The House of Terror was a really cool exhibit regarding the Hungarian Nazi’s and secret police and was actually a meeting place for these groups during the war. Unfortunately after our thermal bath morning we were both feeling totally spent and it was hard to really appreciate the exhibits, especially since every room had a paper hand out of readings to understand what was going on. After the first 5, I decided to just collect them all and read them on my own time at a later date as they were putting both of us to sleep; Binnson asked that I summarize them for him as he has no intention of reading them ever. We had planned to see the Opera House next but when we got there
we discovered it was closed on Sundays, deciding that we needed a break anyway we headed to McD’s for air conditioning and iced coffees.
When it comes to trying the traditional dishes of a new country, we are always faced with a dilemma. Usually they are conveniently served in the tourist area at some overpriced restaurant and end up being something that we decide could probably be found in Calgary at a cheaper price. But you still have to try it while you’re there, just in case! We also always read reviews of places/areas to not eat because of this overpriced not-so-great dish dilemma and then we always find ourselves somehow sitting in these restaurants and eating the not-so-great-overpriced-forewarned about dishes, just to confirm that yep, you do get screwed there. And although it’s frustrating at the time, we die laughing on the way home about how we always do it. So from this day forward – we are fixing this problem!!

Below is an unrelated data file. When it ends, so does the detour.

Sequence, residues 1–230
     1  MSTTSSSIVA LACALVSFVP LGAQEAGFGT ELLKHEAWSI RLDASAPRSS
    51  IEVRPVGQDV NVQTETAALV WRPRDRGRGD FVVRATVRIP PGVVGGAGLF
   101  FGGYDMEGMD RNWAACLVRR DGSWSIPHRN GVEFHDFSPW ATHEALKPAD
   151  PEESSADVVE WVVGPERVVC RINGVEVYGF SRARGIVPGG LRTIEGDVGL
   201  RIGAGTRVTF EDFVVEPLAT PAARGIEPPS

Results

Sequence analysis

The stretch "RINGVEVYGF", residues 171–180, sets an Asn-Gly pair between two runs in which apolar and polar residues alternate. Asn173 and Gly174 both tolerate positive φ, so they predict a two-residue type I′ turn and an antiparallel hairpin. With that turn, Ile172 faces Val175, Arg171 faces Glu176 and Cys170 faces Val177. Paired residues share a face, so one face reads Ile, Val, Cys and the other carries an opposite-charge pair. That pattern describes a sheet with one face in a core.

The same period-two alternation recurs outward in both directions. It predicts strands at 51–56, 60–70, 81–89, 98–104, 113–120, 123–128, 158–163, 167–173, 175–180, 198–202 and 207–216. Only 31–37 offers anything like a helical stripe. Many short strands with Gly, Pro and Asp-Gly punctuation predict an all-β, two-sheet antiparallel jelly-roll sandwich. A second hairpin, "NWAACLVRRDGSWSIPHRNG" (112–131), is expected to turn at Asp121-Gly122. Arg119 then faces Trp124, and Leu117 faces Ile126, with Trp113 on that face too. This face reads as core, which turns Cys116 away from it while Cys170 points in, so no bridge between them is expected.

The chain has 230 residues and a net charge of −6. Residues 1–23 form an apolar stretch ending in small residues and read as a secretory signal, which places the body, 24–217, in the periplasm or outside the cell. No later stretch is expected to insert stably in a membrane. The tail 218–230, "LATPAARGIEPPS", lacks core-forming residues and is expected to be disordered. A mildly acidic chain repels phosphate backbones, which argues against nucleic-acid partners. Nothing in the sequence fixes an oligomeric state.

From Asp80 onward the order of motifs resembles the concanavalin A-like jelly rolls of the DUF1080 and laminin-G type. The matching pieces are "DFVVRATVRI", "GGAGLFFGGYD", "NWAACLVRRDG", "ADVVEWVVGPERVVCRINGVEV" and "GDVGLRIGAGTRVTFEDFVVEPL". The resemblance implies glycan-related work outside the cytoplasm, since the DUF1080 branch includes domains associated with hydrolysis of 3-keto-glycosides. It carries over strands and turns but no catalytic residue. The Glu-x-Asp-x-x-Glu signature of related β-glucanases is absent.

As some serious thunderstorms hit the city on our last night, our plans to actually get to the citadella were cancelled and we took shelter during our dinner meal (see above and
imagine Binnson calculating that he could have had 30.2 McChicken Burgers instead). After which we headed home and planned for the journey to Prague the next morning. Today, after some transit confusion about how to get back to our departing station, we rushed in to find our train delayed for over an hour- which is a long time when your trip is already 6 hours. So currently, I am writing this on the train and we should be arriving shortly at which point I will be ready to post!
There are more photos below